Morbidity of early spine surgery in the multiply injured patient

J. W. Galvin, B. A. Freedman, A. J. Schoenfeld, A. P. Cap, J. M. Mok*

*Corresponding author for this work

Research output: Contribution to journalArticlepeer-review

10 Scopus citations


Introduction: The optimal timing of surgery for multiply injured patients with operative spinal injuries remains unknown. The purported benefits of early intervention must be weighed against the morbidity of surgery in the early post-injury period. The performance of spine surgery in the Afghanistan theater permits analysis of the morbidity of early surgery on military casualties. The objective is to compare surgical morbidity of early spinal surgery in multiply injured patients versus stable patients. Materials and methods: Patients were retrospectively categorized as stable or borderline unstable depending on the presence of at least one of the following: ISS >40, ISS >20 and chest injury, exploratory laparotomy or thoracotomy, lactate >2.5 mEq/L, platelet <110,000/mm3, or >10 U PRBCs transfused pre-operatively. Surgical morbidity, complications, and neurologic improvement between the two groups were compared retrospectively. Results: 30 casualties underwent 31 spine surgeries during a 12-month period. 16 of 30 patients met criteria indicating a borderline unstable patient. Although there were no significant differences in the procedures performed for stable and borderline unstable patients as measured by the Surgical Invasiveness Index (7.5 vs. 6.9, p = 0.8), borderline unstable patients had significantly higher operative time (4.3 vs. 3.0 h, p = 0.01), blood loss (1,372 vs. 366 mL, p = 0.001), PRBCs transfused intra-op (3.88 vs. 0.14 U, p < 0.001), and total PRBCs transfused in theater (10.18 vs. 0.31 U, p < 0.001). Conclusions: The results indicate that published criteria defining a borderline unstable patient may have a role in predicting increased morbidity of early spine surgery. The perceived benefits of early intervention should be weighed against the greater risks of performing extensive spinal surgeries on multiply injured patients in the early post-injury period, especially in the setting of combat trauma.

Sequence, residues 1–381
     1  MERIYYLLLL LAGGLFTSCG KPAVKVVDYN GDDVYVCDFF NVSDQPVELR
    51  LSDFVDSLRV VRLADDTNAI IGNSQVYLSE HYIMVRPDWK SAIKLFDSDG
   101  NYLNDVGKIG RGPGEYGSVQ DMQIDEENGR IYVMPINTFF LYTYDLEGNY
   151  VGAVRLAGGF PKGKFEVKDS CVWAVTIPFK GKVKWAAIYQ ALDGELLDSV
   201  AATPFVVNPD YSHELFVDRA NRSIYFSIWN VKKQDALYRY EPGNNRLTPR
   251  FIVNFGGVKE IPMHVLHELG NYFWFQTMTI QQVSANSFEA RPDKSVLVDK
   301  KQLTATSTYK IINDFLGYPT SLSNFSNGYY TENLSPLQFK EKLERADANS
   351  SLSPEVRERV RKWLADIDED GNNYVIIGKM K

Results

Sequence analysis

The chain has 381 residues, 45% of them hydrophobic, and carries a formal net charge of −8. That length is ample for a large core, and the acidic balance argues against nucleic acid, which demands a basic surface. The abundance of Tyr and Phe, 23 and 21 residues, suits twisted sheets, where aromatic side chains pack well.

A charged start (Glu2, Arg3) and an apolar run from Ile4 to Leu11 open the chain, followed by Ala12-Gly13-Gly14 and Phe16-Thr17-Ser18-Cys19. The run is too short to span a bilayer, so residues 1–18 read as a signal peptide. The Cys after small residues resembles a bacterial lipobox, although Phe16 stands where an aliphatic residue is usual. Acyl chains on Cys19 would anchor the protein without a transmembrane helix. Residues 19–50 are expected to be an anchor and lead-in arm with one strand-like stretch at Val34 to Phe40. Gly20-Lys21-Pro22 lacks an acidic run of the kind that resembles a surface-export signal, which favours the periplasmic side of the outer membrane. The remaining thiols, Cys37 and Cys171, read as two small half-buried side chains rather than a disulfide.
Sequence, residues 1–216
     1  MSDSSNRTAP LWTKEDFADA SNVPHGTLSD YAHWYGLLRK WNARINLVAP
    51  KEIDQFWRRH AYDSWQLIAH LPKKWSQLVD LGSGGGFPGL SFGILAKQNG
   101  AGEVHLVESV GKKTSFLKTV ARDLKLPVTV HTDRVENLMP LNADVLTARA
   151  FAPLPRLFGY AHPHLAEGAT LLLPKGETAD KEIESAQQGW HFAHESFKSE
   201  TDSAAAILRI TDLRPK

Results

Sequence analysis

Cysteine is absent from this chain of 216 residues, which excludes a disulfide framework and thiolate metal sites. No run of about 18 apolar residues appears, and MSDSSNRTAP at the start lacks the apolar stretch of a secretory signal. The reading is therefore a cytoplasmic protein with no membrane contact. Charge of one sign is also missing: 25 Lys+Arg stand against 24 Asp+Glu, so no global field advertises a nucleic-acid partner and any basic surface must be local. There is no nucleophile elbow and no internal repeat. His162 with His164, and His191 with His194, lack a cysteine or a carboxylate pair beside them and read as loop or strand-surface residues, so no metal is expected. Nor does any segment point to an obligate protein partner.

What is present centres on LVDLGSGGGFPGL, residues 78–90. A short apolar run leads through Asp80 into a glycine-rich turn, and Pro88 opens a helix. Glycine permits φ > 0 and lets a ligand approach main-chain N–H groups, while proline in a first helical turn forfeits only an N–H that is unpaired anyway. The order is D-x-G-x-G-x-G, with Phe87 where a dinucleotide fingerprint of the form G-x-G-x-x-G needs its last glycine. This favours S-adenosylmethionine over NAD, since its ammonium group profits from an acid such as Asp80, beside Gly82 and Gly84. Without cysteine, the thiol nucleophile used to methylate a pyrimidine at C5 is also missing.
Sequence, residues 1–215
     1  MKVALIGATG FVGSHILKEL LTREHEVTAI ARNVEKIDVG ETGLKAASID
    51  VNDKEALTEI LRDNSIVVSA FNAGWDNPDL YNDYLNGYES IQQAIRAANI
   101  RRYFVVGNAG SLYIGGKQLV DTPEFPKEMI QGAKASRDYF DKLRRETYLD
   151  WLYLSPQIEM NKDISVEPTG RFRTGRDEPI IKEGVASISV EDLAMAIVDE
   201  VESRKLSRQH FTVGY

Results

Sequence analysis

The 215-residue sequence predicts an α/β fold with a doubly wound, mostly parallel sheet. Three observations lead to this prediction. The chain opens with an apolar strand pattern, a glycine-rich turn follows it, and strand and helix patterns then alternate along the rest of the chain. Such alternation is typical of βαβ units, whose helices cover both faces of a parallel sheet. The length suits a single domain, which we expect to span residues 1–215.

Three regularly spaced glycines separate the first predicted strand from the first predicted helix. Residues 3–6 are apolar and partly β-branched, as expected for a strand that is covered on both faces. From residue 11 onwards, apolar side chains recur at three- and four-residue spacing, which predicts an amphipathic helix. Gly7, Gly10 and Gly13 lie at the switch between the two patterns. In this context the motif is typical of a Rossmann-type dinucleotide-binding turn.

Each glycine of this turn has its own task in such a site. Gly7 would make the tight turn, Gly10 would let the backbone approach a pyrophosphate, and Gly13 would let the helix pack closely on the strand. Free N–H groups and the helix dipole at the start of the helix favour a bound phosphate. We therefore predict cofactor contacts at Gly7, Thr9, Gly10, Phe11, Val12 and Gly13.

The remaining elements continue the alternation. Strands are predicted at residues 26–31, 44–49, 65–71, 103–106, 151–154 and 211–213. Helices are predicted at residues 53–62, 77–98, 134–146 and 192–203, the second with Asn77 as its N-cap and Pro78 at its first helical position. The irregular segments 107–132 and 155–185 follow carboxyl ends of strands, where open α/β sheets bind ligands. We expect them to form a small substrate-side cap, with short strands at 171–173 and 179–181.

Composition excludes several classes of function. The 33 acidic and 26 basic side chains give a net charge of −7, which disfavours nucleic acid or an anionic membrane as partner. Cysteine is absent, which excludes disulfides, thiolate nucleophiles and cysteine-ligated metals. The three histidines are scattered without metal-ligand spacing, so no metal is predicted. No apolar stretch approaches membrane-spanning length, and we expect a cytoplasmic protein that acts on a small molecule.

Original languageEnglish
Pages (from-to)1211-1217
Number of pages7
JournalArchives of Orthopaedic and Trauma Surgery
Issue number9
StatePublished - Sep 2014
Externally publishedYes


  • Afghanistan war
  • Combat spine trauma
  • Military casualties
  • Operation enduring freedom
  • Polytrauma
  • Spine fracture
  • Spine surgery in theater


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